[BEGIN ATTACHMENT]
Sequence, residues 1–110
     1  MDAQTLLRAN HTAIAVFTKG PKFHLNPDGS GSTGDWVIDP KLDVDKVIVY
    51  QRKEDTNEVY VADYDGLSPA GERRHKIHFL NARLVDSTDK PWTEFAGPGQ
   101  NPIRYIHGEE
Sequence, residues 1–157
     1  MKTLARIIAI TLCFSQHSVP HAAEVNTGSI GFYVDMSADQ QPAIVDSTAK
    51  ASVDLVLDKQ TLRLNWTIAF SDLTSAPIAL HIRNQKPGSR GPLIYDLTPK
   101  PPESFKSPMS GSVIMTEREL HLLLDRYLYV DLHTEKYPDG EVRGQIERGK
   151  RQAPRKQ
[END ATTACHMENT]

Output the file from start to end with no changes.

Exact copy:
Sequence, residues 1–110
     1  MDAQTLLRAN HTAIAVFTKG PKFHLNPDGS GSTGDWVIDP KLDVDKVIVY
    51  QRKEDTNEVY VADYDGLSPA GERRHKIHFL NARLVDSTDK PWTEFAGPGQ
   101  NPIRYIHGEE
Sequence, residues 1–157
     1  MKTLARIIAI TLCFSQHSVP HAAEVNTGSI GFYVDMSADQ QPAIVDSTAK
    51  ASVDLVLDKQ TLRLNWTIAF SDLTSAPIAL HIRNQKPGSR GPLIYDLTPK
   101  PPESFKSPMS GSVIMTEREL HLLLDRYLYV DLHTEKYPDG EVRGQIERGK
   151  RQAPRKQ